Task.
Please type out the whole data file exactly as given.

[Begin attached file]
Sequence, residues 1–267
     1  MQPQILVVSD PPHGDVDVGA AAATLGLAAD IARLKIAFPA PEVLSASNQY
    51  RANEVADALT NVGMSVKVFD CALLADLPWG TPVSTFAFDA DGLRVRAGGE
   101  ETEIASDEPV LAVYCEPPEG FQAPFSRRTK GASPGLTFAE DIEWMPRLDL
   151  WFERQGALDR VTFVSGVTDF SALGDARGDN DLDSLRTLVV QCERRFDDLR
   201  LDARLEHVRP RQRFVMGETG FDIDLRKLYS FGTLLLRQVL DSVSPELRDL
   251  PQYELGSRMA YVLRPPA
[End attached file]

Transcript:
Sequence, residues 1–267
     1  MQPQILVVSD PPHGDVDVGA AAATLGLAAD IARLKIAFPA PEVLSASNQY
    51  RANEVADALT NVGMSVKVFD CALLADLPWG TPVSTFAFDA DGLRVRAGGE
   101  ETEIASDEPV LAVYCEPPEG FQAPFSRRTK GASPGLTFAE DIEWMPRLDL
   151  WFERQGALDR VTFVSGVTDF SALGDARGDN DLDSLRTLVV QCERRFDDLR
   201  LDARLEHVRP RQRFVMGETG FDIDLRKLYS FGTLLLRQVL DSVSPELRDL
   251  PQYELGSRMA YVLRPPA